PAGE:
For the record, I personally think that John Shannon has made a better Space Shuttle Program Manager than I did.  I believe he has brought stability, rationality, and clarity to the Space Shuttle Program in ways that I did not and could not.  He has been a faithful friend.  The internet chatter that there was some political maneuvering on his part when job changes were made in the program office is both inaccurate and repugnant to me.   

Going on . . .

One of the reasons that the video so powerfully affected me was that I have been on both sides of the table.  Oh yeah, I have stifled plenty of dissent and innovation in my time.  Some of it even recently.  I believe that I am a better manager and leader than I was five years ago, or even one year ago.  And, God willing, I will be a better and more open manager next year or five years from now.  So if you hear stories about “bad Wayne”, well, they are probably true. I wish they weren’t.  But my goal is to be better tomorrow than I was yesterday.  And I am daily astonished and amazing by learning something that I didn’t know the day before.

Finally, I would like to say that my purpose in writing these blogs is to help NASA become a better place.  Sometimes that takes the form of telling a story from the ‘old days’ — but always a story with a point. Sometimes it is describing a good example of leadership; sometimes it is pointing out a bad example — to be avoided.   Sometimes a post is merely an attempt to explain some arcane aspect of what we are doing to the general  public in a way that I hope is comprehensible to the layperson.  So my post on stifling dissent is nothing more than an attempt to help the NASA culture become better than it is.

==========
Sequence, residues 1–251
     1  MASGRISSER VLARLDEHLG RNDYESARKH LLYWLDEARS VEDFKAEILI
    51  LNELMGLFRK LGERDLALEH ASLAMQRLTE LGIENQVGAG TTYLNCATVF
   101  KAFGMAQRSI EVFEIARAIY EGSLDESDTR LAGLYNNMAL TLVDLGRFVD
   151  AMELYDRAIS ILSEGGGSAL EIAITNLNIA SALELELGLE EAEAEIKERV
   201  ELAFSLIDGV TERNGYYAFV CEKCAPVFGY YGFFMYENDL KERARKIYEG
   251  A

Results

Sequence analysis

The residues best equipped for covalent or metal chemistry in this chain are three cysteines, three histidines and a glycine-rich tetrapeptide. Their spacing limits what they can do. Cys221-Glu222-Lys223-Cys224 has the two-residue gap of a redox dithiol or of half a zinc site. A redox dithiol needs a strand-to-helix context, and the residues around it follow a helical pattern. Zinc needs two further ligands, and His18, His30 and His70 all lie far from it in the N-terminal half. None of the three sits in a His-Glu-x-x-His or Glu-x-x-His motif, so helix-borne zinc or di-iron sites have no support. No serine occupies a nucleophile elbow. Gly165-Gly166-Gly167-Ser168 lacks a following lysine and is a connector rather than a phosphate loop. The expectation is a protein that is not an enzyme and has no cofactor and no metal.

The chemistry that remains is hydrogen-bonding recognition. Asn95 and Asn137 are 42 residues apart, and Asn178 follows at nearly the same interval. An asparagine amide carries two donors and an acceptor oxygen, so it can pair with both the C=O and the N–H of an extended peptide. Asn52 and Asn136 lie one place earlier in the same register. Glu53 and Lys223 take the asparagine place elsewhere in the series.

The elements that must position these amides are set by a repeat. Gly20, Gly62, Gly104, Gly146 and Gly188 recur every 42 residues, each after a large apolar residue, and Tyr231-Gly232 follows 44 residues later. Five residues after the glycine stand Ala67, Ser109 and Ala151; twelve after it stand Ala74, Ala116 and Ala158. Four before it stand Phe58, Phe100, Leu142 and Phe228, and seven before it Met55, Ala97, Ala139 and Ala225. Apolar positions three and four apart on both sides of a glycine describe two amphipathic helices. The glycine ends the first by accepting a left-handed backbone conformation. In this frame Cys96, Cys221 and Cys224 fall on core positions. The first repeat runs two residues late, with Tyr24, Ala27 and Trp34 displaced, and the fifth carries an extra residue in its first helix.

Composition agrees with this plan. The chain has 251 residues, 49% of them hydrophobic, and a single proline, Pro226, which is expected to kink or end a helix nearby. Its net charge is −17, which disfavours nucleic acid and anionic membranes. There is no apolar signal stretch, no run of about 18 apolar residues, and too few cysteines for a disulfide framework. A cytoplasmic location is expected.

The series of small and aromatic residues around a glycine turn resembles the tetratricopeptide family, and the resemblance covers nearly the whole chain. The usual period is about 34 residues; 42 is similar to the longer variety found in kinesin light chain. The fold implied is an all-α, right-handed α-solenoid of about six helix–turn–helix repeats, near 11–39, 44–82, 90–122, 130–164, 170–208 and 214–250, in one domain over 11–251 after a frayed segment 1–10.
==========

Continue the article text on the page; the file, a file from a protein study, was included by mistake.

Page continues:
With the greatest of respect to all my colleagues, I think NASA is the best hope for our country and our world.  If the current organization is less than perfect, that is because it is made up of fragile and limited human beings.  Every one of those NASA employees that I have met have only one goal: doing what is best and most productive to explore the universe.   We don’t always succeed, and we certainly don’t always agree on the interim goals but we are united in a common purpose.  There is nowhere else I would care to work.



Stifling Dissent

I’ve got a video that you need to watch, but first I need to explain why you need to watch it and what lesson I hope you will take away.